Examples of restricted chemicals and heavy metals:

    • Lead acetate
    • Oxymetholone
    • Propoxur
    • Chloral
    • Mineral oils

    Is lab testing mandatory?

    No. The lab testing for substance regulations such as CA Prop 65 is not mandatory. However, it’s recommended to test your product because it prevents risks of compliance issues as mentioned.

    US textiles label

    Flammable Fabrics Act (FFA)

    When importing textile products to the U.S., the FFA must be followed. The FFA is an act to regulate products that are highly flammable including clothing, mattresses, carpet, rugs, etc.

    The flammability standards issued under this regulation must have complied or it will result in penalties for violation.

    When is FFA applicable?

    The FFA issued mandatory flammability standards for apparel & textiles products.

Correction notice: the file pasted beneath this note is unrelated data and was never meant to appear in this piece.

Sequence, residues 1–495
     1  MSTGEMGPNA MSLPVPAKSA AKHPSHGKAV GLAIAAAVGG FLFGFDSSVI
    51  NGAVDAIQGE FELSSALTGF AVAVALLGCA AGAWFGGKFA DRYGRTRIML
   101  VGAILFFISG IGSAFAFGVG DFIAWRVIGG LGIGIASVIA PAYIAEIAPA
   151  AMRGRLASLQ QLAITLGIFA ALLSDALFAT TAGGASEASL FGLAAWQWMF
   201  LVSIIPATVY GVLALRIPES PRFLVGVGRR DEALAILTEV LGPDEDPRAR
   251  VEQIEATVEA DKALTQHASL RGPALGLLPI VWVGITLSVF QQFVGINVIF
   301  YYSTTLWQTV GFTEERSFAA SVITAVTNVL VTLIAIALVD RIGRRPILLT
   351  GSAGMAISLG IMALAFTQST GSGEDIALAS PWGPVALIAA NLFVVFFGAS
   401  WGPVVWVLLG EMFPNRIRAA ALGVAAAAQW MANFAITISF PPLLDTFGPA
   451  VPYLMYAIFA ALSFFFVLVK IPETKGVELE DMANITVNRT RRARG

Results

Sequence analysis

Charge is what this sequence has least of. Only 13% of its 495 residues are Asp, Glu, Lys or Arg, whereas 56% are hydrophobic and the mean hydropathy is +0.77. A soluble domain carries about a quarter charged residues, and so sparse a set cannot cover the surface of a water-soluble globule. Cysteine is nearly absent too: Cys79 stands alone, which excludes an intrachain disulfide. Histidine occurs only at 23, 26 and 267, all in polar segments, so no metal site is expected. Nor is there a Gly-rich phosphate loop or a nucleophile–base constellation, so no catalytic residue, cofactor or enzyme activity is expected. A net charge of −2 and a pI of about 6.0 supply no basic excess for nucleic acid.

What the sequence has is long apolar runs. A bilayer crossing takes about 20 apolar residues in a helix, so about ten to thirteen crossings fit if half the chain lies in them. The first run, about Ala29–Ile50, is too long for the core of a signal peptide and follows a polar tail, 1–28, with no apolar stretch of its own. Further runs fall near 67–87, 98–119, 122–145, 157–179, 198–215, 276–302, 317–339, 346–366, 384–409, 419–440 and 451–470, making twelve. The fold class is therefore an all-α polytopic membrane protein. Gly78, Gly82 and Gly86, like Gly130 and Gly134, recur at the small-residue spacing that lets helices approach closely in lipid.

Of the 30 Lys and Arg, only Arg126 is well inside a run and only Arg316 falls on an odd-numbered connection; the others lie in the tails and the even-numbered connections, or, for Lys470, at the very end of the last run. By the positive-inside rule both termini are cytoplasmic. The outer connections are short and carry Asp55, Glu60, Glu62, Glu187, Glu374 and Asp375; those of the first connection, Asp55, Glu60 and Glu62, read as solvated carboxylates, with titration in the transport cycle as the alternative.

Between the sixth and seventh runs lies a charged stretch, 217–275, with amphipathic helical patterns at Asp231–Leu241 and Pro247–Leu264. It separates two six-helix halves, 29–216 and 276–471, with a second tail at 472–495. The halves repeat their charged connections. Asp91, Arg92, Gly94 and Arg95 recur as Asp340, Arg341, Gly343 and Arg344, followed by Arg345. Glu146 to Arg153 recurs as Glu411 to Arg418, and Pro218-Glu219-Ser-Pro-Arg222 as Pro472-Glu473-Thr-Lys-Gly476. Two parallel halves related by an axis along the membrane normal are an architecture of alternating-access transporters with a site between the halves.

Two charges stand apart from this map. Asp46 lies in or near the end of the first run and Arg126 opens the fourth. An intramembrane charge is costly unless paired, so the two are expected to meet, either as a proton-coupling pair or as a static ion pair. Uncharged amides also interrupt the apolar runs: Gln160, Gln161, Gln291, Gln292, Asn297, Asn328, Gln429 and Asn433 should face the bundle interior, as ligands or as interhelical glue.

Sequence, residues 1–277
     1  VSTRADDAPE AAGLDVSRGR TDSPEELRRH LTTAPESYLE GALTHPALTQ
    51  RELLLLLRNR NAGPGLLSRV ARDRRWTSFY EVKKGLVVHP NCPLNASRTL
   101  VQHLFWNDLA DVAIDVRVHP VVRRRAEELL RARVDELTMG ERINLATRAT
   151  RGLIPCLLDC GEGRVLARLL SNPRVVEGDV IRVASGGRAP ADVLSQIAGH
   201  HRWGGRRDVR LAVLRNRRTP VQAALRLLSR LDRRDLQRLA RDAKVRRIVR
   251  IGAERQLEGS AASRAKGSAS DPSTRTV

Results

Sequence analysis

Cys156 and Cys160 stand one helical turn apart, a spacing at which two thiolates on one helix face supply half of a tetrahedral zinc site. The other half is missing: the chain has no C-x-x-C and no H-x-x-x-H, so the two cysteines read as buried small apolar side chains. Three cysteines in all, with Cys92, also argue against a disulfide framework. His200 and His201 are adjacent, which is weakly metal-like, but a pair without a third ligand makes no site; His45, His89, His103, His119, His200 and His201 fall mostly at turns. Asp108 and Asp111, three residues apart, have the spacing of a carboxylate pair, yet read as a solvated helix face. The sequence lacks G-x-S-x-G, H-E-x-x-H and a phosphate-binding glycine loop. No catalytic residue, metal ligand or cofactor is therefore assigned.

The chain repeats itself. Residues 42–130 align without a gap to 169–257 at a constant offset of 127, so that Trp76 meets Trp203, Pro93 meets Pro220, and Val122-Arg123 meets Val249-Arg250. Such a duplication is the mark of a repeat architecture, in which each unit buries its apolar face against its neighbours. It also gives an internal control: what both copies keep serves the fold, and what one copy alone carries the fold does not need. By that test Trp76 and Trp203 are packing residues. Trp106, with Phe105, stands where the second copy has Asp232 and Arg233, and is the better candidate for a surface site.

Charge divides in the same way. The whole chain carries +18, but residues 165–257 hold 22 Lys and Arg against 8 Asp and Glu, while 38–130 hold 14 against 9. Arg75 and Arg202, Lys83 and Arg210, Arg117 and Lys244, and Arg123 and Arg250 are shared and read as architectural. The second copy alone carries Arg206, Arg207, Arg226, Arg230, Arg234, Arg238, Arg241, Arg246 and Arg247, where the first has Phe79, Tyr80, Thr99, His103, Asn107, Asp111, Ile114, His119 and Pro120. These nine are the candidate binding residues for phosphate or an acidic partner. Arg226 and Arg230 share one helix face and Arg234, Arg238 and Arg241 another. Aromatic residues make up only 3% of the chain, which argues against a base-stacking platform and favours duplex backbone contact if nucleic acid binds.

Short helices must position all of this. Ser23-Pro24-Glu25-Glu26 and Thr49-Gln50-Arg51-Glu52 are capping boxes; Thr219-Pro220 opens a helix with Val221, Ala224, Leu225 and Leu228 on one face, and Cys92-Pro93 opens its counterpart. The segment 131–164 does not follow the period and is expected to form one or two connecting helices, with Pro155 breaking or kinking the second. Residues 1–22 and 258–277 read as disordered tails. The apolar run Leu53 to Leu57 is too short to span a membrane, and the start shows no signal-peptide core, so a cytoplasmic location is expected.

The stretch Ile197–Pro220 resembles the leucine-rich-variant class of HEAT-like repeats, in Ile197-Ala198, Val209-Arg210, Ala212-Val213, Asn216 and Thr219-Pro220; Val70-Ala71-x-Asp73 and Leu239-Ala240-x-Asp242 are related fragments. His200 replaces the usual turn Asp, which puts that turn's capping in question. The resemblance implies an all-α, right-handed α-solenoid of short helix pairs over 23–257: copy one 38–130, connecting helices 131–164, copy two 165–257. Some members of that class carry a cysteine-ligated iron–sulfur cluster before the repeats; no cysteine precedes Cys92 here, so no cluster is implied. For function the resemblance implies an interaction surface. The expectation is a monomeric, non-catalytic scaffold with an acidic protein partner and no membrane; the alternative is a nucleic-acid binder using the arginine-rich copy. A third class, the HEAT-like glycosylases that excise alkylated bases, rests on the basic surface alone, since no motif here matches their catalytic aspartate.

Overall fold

Here are some products covered by the FFA

    • Clothing textiles
    • Vinyl plastic film in clothing
    • Carpets
    • Rugs
    • Children’s sleepwear
    • Mattresses

    However, not all fabric products are covered by the FFA, here are some exemptions:

    Not covered by the FFA

    • Hat
    • Glove
    • Footwear
    • Handkerchief

    Federal Hazardous Substances Act (FHSA)

    The FHSA regulate household products that contain potential hazards such as corrosive, reactive and toxic substances. The FHSA requires labeling to alert consumers about the potential hazards and what they need to do to protect themselves from hazards.

    The FHSA also cover with the flammable chemicals and retardants which are commonly used in the textile industry. Take Formaldehyde as an example – a chemical substance to increase wrinkle and crease resistance in textiles, which is also restricted under the FHSA.